The Local Interstellar Cloud moves toward us from the direction of Scorpius and Centaurus. All of this movement through clouds and voids is a reminder that the Sun orbits the galaxy and moves through different environments all the time. JPL notes that interstellar densities ranging from 10-5 to 105 atoms/cm3 can be observed near our system in the Milky Way.

Thus the interest in what happens next, as Brandt notes. For one thing, our future hopes for interstellar exploration focus particularly on the nearest stars, and Alpha Centauri is within the G-cloud the Sun now moves toward. We rely on hydrodynamic simulations to estimate the effects of the Solar System moving into a cloud of denser material. A spacecraft like Interstellar Probe could be launched to move ‘upstream’ of the Sun’s motion, essentially exploring the future environment through which we will pass. We’ll someday send much faster exploratory missions to sample the G Cloud in situ.

The Interstellar Probe concept study goes to the National Academies of Sciences, Engineering, and Medicine, which essentially prioritizes where we are going in space exploration over ten year periods. We won’t know how the panel enjoined with making these decisions will come down until 2024, and remember that competing ideas involving space beyond the heliosphere are out there, the most visible of which is the Solar Gravitational Lens (SGL) mission now in advanced study at the Jet Propulsion Laboratory. Be aware as well of a Chinese effort known as Interstellar Express.

One way or another, and this is true with or without the endorsement of a Decadal study, we will get spacecraft fully designed for the interstellar environment out beyond the heliosphere. I make no predictions on timing other than to say that the earliest we might expect a launch of this kind of mission is in the 2030s, and who knows what other factors may come into play if none of the current studies is funded? Nonetheless, the long-term picture I embrace makes robotic exploration beyond our Solar System inevitable whether time to launch is 10 or 100 or 1000 years from now. I think we’re wired to do it.

Space missions always bring surprises, and it’s only fair to note that the model of the Sun’s nearby cloud environment has been challenged in recent work. What alternate outcomes might an Interstellar Probe mission alert us to? Here is a snip from an interesting 2014 paper by Cécile Gry and Edward Jenkins proposing a model that is:

…fundamentally different from previous models (e.g., Lallement et al. 1986; Frisch et al. 2002, RL08) where the LISM is constituted of a collection of small clouds or cloudlets that are presented as separate entities moving as rigid bodies at different velocities in slightly different directions. In particular, in our picture, the LIC, the G cloud, and other distinct clouds of the RL08 model, are unified in a single local cloud.

And this, of course, would become apparent to any future mission pushing upstream from the heliosphere. We may have to send such a mission to make this call.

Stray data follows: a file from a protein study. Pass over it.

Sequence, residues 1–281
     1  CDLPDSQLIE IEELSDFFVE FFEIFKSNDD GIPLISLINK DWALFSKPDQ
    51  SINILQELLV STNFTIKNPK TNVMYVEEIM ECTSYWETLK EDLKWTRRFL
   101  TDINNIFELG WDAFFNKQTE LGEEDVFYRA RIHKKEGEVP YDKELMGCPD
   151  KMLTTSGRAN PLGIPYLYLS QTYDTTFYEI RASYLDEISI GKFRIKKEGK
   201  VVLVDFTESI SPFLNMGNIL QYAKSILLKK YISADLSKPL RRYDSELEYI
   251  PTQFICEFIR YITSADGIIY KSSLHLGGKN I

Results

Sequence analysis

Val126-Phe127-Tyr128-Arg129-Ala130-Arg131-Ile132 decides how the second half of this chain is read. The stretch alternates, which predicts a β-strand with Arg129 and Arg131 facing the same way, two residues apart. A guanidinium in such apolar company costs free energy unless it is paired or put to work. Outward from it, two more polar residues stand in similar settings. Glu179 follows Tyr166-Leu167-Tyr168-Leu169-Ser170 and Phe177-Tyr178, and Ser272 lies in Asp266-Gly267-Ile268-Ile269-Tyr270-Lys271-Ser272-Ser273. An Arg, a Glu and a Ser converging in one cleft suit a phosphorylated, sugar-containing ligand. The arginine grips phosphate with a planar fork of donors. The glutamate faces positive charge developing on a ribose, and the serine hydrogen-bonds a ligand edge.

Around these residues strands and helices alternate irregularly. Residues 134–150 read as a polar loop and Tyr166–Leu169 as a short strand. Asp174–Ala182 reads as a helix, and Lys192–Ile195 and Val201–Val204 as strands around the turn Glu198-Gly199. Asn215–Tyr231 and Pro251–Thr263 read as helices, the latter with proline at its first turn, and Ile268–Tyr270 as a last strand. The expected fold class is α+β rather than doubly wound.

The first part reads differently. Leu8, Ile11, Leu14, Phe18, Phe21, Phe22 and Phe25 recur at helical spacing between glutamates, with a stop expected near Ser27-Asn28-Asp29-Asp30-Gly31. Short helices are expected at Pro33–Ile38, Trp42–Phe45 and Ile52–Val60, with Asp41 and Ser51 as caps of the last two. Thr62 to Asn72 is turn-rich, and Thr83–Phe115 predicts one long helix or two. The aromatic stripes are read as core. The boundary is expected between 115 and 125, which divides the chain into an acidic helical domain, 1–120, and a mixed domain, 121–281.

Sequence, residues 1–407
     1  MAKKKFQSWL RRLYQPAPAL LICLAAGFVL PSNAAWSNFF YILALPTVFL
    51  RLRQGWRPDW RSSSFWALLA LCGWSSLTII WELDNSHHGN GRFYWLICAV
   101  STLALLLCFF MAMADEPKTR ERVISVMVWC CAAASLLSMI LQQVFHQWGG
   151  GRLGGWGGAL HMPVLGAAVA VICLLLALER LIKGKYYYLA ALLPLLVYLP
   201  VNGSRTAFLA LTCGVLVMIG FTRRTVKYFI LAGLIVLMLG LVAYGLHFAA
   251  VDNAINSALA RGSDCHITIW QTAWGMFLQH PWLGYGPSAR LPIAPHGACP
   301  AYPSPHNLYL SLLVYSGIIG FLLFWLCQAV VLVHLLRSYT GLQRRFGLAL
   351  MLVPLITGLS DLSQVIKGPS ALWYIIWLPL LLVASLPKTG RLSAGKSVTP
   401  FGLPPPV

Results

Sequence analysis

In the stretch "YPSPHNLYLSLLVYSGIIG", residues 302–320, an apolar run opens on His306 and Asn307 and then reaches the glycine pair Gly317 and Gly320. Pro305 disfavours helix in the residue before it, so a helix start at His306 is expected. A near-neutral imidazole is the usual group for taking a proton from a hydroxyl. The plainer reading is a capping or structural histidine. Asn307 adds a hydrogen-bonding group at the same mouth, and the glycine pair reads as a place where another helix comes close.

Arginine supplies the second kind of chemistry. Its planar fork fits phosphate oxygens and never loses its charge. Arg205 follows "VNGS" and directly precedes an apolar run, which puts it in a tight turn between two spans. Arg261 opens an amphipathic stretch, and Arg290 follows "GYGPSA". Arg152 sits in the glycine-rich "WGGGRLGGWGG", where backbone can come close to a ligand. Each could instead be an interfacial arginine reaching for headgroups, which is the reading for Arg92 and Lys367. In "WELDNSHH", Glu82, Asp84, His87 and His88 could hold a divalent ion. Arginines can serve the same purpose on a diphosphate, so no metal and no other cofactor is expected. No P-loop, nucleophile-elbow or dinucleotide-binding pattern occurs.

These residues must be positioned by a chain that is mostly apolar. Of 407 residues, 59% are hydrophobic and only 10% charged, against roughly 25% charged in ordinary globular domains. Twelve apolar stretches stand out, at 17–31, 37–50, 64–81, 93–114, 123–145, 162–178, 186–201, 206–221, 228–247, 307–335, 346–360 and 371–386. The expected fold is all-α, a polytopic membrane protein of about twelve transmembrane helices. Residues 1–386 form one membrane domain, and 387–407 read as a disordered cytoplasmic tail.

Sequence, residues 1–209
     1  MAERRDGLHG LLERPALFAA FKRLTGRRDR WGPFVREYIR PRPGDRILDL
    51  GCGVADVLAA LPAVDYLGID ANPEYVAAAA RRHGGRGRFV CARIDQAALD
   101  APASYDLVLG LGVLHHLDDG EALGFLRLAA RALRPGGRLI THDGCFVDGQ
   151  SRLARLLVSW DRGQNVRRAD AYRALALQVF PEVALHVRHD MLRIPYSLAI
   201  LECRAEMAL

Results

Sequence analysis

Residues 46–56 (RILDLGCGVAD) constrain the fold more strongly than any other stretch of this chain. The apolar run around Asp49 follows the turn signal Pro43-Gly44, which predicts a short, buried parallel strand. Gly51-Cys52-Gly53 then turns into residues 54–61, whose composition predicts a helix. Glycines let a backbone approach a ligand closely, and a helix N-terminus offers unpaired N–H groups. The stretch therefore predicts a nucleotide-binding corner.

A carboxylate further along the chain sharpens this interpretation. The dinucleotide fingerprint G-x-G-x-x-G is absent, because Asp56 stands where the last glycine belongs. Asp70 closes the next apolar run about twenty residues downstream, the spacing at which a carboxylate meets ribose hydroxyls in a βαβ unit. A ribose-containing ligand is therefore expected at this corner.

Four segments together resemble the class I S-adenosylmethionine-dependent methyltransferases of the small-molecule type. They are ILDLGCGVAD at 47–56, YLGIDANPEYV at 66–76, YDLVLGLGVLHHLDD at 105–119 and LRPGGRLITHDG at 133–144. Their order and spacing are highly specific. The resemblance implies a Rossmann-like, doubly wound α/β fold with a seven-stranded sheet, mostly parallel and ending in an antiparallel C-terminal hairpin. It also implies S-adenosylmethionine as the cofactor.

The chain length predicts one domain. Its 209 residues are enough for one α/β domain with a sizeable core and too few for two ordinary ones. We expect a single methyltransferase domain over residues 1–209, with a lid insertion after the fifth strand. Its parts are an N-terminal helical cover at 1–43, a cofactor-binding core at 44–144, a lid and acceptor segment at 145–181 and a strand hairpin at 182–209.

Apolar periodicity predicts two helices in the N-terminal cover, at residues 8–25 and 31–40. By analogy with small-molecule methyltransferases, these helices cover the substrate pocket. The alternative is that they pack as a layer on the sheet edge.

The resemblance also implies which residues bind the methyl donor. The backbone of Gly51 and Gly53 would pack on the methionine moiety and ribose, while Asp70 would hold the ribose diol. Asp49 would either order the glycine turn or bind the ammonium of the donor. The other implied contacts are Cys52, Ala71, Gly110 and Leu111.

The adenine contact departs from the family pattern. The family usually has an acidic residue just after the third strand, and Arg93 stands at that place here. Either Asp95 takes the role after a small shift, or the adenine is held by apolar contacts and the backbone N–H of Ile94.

Back to the present, though. Pontus Brandt now takes his heliophysics expertise into an ongoing mission, with a new role as part of the New Horizons science team at JHU/APL. This is clearly a good fit, given that this spacecraft is already out there, operating more than 50 AU from the Sun with a suite of plasma and dust instruments that is exploring the dust and charged particles in the full flow of the solar wind. We have only one operating spacecraft in the Kuiper Belt, and this is it, as Brandt notes:

“New Horizons remains a pathfinder on a historic journey, and since we’re equipped with instrumentation not flown on Voyager, we will be able to answer some of the big questions about what upholds our vast heliosphere as it plows through the interstellar medium. Leaving the foreground ‘haze’ of the solar system’s dust and gas, New Horizons is also in a position to make some game-changing discoveries that not only give us glimpses into our changing local interstellar medium, but also discoveries on cosmological scales.”

Image: Pictured in the New Horizons mission operations center at the Johns Hopkins Applied Physics Laboratory, Pontus Brandt brings a new kind of expertise to the New Horizons science leadership team — heliophysics, where the team expects to make breakthroughs that no other mission can, with new capabilities never before available so far from the Sun. Credit: Johns Hopkins APL/Craig Weiman.

Brandt’s work at New Horizons is a reminder that the deeper we push into the Solar System, the more we also explore basic interactions between our star and an interstellar medium we are learning how to map. All of this couples with a continuing effort from Earth to locate future flyby targets for close observation. Going interstellar demands knowing where we’re coming from as much as knowing where we’re heading.

And once we do get to the point of sending a spacecraft all the way to another star? Let me quote something Ian Crawford said on this topic in a paper some years back:

If the Sun does lie within the LIC, then a mission to α Cen would sample the outer layers of the LIC, an interval of low density LB material, the edge of the G cloud, and the deep interior of the G cloud. This would sample one of the most diverse ranges of interstellar conditions of any mission to another star located with 5 pc of the Sun, as most other potential targets lie within the LIC… Even if the Sun lies just outside the LIC…, the trajectory to α Cen would still permit detailed observations of the boundary of the G cloud (and its possible interaction with the LIC), and determine how its properties change with increasing depth into the cloud from the boundary.

The paper on a new model for nearby interstellar clouds that I mentioned above is Gry & Jenkins, “The interstellar cloud surrounding the Sun: a new perspective,” Astronomy & Astrophysics 567 (2014), A58 (abstract). For further background on the interstellar medium, see Ian Crawford’s “The Astronomical, Astrobiological and Planetary Science Case for Interstellar Spaceflight,” published in the Journal of the British Interplanetary Society Vol. 62 (2009), pp. 415-421 (preprint). The definitive book on the matter is Bruce Draine’s Physics of the Interstellar and Intergalactic Medium (Princeton University Press, 2011).